A loved one of mine posted some misinformation on Facebook this week. She does that a lot.
She is against the vaccine. She’s against the Democrats. She’s against CRT. She’s for guns. She’s for freedom. She’s for Jesus.
I’ve spent a lot of emotional energy in the past couple of years trying to make sense of her. I will never not love her. And she has gone so far into this world of nationalism and conspiracy, I feel like she’s lost to me for good. I could still send her a text or meet for coffee, but I fear that the person I once knew – or the friendship we once had at least – is no longer there.
Many of us have folks like this in our lives. In our families, in our churches.
Pauline Boss is a psychotherapist who coined the term Ambiguous Loss. Originally, she used it to describe the loss of someone mentally but not physically – like loving someone suffering from Alzheimers or experiencing addiction. Or it can be the loss of someone physically, but not mentally – like a deployment or immigration. Over the years, Ambiguous Loss has become a helpful way to describe lots of other kinds of losses that are complex, that are drawn out or confusing, that elude closure.
Living as a Christian in America during COVID has come to feel like an ambiguous loss to me. The community that I once loved, that once loved me, still exists. But also, it is gone. Or, perhaps it is my trust in it that has gone: my trust in the church as a place of safety, as a community of integrity, as a people committed to Christ. For me, this has not been a deconstruction of my faith. It’s been a process of grieving the departure of the Christians around me from the ways of Christ.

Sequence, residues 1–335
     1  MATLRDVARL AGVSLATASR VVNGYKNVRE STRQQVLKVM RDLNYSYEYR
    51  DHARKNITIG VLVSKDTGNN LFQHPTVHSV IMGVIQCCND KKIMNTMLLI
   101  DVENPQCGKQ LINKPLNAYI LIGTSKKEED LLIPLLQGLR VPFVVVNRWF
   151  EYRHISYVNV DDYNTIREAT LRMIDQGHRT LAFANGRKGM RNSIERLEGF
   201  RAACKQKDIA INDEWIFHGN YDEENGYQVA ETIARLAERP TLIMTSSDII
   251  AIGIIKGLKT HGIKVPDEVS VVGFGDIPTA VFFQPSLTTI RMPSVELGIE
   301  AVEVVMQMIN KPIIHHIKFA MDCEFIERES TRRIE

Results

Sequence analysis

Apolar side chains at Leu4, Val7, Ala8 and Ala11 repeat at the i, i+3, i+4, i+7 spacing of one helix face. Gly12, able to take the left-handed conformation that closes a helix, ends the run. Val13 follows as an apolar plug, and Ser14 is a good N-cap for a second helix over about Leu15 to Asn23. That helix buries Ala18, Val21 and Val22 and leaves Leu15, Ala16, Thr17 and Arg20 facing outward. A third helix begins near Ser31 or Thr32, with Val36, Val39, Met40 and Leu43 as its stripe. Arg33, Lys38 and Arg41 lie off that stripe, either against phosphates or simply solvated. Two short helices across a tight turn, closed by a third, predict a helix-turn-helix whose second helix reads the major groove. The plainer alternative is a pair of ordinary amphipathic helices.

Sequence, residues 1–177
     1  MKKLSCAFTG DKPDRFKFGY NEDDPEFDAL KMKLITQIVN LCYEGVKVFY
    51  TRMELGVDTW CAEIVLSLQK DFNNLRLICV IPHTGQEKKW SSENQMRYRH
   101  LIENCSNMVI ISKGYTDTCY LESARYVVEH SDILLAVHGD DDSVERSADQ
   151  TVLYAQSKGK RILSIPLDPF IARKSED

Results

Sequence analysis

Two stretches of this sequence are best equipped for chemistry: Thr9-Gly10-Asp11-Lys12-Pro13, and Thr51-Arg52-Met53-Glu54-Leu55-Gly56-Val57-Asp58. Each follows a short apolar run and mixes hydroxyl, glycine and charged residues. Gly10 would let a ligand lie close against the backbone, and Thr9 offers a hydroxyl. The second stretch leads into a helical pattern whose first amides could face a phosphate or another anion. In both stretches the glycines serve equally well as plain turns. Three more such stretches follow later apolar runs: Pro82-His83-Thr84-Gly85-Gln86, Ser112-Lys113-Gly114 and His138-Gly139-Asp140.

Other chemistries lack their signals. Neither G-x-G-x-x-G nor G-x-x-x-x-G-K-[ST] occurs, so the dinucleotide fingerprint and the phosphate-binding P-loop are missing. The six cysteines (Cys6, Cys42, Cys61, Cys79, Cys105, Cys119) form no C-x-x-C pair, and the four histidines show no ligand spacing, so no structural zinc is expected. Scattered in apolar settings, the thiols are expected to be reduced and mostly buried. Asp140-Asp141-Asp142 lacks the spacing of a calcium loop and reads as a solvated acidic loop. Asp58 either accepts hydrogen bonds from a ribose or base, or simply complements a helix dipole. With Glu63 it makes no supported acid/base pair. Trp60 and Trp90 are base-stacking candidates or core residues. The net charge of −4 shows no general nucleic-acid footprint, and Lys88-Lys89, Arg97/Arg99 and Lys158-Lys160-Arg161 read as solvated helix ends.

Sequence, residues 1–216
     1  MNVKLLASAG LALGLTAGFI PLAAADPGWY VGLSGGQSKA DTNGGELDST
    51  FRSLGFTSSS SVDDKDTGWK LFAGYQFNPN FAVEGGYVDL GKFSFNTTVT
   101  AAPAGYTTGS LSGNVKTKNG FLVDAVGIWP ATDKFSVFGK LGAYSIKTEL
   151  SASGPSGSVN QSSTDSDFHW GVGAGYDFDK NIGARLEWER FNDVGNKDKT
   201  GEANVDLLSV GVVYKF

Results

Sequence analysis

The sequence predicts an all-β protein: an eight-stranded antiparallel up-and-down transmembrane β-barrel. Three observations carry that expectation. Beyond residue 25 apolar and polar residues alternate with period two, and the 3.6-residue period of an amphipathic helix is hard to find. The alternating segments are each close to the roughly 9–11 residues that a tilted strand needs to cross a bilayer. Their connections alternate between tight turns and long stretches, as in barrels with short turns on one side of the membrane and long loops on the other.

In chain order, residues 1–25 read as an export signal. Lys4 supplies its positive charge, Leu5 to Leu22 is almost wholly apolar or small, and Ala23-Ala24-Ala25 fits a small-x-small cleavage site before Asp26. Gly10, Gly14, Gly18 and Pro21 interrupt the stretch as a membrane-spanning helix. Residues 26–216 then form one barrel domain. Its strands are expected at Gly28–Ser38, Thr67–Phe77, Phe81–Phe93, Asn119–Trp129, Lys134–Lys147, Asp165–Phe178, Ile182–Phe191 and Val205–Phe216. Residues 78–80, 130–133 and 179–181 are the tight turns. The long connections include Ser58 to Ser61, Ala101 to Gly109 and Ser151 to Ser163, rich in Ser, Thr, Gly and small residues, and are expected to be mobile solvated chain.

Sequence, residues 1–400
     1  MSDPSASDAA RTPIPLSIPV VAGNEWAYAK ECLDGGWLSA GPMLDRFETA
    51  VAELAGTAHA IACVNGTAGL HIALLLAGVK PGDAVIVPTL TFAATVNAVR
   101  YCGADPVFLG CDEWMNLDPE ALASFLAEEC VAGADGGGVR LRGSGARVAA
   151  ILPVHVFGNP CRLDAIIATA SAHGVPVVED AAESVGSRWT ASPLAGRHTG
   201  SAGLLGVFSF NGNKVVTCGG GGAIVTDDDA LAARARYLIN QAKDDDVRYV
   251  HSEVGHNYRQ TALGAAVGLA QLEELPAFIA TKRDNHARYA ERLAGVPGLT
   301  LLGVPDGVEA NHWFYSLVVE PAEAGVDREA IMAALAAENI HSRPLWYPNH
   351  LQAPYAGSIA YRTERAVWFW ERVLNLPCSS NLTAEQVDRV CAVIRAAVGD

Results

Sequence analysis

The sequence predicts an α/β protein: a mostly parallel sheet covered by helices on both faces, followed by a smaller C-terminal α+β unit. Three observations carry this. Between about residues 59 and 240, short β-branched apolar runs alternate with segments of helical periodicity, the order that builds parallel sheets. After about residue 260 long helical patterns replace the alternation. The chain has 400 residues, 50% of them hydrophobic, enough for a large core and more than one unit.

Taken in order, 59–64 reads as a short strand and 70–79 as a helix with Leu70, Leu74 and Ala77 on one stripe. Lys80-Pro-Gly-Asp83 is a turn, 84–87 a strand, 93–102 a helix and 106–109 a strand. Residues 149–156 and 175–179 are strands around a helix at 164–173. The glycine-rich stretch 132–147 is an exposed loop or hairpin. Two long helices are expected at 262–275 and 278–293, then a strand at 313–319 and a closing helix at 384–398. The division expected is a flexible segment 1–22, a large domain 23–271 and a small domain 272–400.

I learned that one way to cope with ambiguous loss is to practice both-and thinking. That means holding two opposing ideas at the same time.
I’m so angry with her; I love her so much.
The church I loved is gone; it is also still here.
Already; not yet.
Christ has died. Christ is risen.
Christ will come again.